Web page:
Hazards and Threats

Hurricanes

North Atlantic Hurricane Watch & Tracking Map

Hurricanes & Tropical Cyclones

Hurricane season for the Atlantic and Caribbean is June 1 to November 30. Peak season is mid-August to late October. The average number of tropical storms per year for 1970-2010 included 11 tropical storms, 6 of which became hurricanes in the Atlantic Ocean, Caribbean or Gulf of Mexico.

The National Oceanic and Atmospheric Administration updated outlook for the 2016 Atlantic hurricane season calls for a near-normal or above-normal season for the Atlantic Ocean basin. They expect it to be the most active season since 2012.

Tropical Cyclone

You may have heard climatologists refer to tropical cyclones, but you may not know that a tropical cyclone is a rotating, organized system of clouds and thunderstorms that originates over tropical or subtropical waters and has a closed low-level circulation. Northern Hemisphere cyclones rotate counterclockwise, while those in the southern hemisphere rotate clockwise. What does that have to do with hurricanes? A hurricane is a type of tropical cyclone.

Hurricanes pose the greatest threat to life and property, but tropical storms and depressions also bring devastation. Floods and severe weather, such as tornadoes, can occur due to these systems.

Tropical Cyclone Types

  • Tropical depression has maximum sustained winds of 38 mph or less.
  • Tropical storm has maximum sustained winds of 39 to 73 mph.
  • Hurricane has maximum sustained winds of 74 mph or higher. These storms are called typhoons in the western North Pacific and cyclones in the Indian and South Pacific oceans.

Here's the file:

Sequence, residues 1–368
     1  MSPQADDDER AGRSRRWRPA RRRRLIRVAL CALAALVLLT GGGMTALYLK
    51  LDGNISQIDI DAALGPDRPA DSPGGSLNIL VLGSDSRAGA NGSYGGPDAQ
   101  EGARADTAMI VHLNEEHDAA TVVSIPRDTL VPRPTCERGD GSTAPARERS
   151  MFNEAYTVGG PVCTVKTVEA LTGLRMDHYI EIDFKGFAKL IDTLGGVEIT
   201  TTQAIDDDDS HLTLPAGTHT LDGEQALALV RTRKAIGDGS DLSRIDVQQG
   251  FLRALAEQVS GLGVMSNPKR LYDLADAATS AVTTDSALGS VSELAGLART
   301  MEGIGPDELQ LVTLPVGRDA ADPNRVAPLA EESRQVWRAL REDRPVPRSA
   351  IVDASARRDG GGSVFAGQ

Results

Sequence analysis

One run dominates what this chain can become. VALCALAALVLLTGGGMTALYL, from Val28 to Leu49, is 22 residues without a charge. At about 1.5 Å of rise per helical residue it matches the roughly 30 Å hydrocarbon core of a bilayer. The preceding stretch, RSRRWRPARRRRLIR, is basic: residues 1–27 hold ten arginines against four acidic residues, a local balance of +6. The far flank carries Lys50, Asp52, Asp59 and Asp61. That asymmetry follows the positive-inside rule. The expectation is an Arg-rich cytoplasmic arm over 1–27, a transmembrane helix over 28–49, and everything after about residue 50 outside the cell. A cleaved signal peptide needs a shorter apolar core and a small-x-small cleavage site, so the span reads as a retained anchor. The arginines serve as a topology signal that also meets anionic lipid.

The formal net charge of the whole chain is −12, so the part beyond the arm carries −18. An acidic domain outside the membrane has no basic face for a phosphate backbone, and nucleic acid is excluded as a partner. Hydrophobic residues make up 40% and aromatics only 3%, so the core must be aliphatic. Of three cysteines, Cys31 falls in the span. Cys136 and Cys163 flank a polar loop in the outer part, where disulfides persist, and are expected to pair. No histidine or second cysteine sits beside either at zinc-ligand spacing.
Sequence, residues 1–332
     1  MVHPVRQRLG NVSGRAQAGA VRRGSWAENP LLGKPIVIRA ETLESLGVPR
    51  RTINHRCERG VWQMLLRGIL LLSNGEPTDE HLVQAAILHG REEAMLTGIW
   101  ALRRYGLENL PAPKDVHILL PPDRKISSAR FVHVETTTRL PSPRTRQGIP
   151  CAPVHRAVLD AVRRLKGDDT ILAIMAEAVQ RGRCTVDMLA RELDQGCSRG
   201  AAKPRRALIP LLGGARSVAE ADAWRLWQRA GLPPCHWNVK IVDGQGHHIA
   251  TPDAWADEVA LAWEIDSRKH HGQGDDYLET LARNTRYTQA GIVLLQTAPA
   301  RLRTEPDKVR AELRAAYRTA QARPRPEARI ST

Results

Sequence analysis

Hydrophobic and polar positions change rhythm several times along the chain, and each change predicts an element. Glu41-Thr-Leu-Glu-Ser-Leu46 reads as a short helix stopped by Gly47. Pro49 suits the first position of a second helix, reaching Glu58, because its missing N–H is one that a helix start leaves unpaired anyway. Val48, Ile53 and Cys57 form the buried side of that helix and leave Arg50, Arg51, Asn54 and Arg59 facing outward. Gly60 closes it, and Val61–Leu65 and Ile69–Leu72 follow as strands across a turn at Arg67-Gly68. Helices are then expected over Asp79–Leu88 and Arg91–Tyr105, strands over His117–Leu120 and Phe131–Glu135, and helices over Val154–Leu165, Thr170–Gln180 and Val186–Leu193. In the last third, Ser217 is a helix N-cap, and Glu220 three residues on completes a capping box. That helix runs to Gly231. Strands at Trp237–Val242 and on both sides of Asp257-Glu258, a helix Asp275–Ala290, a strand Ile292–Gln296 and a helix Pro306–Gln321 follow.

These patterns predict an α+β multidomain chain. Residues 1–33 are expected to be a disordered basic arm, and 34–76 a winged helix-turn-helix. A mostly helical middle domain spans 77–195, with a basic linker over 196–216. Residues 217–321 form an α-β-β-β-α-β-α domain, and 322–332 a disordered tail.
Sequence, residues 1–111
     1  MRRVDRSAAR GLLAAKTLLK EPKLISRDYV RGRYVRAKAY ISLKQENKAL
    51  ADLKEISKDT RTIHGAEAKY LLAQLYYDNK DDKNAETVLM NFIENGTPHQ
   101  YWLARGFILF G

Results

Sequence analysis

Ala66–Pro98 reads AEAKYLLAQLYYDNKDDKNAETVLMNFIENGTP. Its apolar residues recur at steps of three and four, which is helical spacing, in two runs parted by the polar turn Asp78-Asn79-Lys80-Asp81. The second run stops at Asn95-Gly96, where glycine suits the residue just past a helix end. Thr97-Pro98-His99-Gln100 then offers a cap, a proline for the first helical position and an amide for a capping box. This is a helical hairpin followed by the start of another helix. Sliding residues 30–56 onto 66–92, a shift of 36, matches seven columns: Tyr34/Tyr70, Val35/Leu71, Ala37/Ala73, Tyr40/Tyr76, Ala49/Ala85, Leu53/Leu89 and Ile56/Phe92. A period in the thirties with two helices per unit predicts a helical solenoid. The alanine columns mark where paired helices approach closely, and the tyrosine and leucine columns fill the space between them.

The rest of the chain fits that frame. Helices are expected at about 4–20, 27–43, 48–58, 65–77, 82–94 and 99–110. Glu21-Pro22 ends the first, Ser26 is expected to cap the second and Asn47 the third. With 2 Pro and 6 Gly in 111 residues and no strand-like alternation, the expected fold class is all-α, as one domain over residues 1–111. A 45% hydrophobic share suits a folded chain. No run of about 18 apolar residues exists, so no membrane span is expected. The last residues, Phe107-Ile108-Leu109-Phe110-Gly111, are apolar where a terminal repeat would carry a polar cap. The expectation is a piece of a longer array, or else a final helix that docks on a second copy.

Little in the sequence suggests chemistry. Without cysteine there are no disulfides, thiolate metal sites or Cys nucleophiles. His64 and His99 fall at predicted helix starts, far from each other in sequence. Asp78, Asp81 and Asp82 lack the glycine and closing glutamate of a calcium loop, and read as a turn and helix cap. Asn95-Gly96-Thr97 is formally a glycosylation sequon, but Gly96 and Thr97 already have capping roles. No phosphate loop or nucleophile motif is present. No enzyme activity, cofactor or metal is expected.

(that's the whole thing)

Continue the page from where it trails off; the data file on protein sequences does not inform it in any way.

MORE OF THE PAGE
• Major hurricane has maximum sustained winds of 111 mph or higher. 

Hurricane categories are based on the Saffir-Simpson Hurricane Wind Scale.

Hurricane hazards include storm surge, storm tide, tornadoes, winds, rip currents, and torrential rainfall.

Stay Informed


Be Prepared

Preseason

  • Determine safe evacuation routes inland; find pet-friendly hotels.
  • Learn official shelter locations. (Dial 2-1-1 or 1-888-421-1266)
  • Check emergency equipment.
  • Buy plywood and other material to protect your home.
  • Trim trees and shrubbery.
  • Clean clogged rain gutters and downspouts.
  • Decide where to move your boat. Review your insurance policy.

In Hurricane or Tropical Watch Areas

Hurricane conditions (sustained winds of 74 mph or higher) or tropical storm conditions (sustained winds of 39 to 73 mph) are possible in your area.

  • Listen to radio, television or weather radio for official bulletins of storm progress.
  • Fuel and service family vehicles.
  • Inspect and secure mobile home tie downs.
  • Ensure you have extra cash on hand.
  • Prepare to cover all windows and doors with protective material.
  • Check batteries and stock up on canned and non-perishable food, first aid supplies, drinking water and medications.
  • Bring in light-weight objects such as garbage cans, garden tools, toys and lawn furniture.

In Hurricane or Tropical Warning Areas

Hurricane or tropical storm conditions are expected in your area. Take shelter!

  • Closely monitor web, AM/FM radio, television, and NOAA weather radio for storm conditions.
  • Install protective material on doors and windows.
  • Follow instructions of local officials.
  • DO NOT stay in a mobile home or manufactured home.
  • Take pets with you, if possible. Remember that most shelters do not allow pets other than those used by people with disabilities.

Additional Resources

Current Tropical Weather & Hurricanes


From: WeatherUnderground.com

Current Outlook & Advisories (North Atlantic) RSS

No North Atlantic Tropical Advisories

Monday, October 23, 2017 at 11:00 pm
There are currently no tropical advisories.... more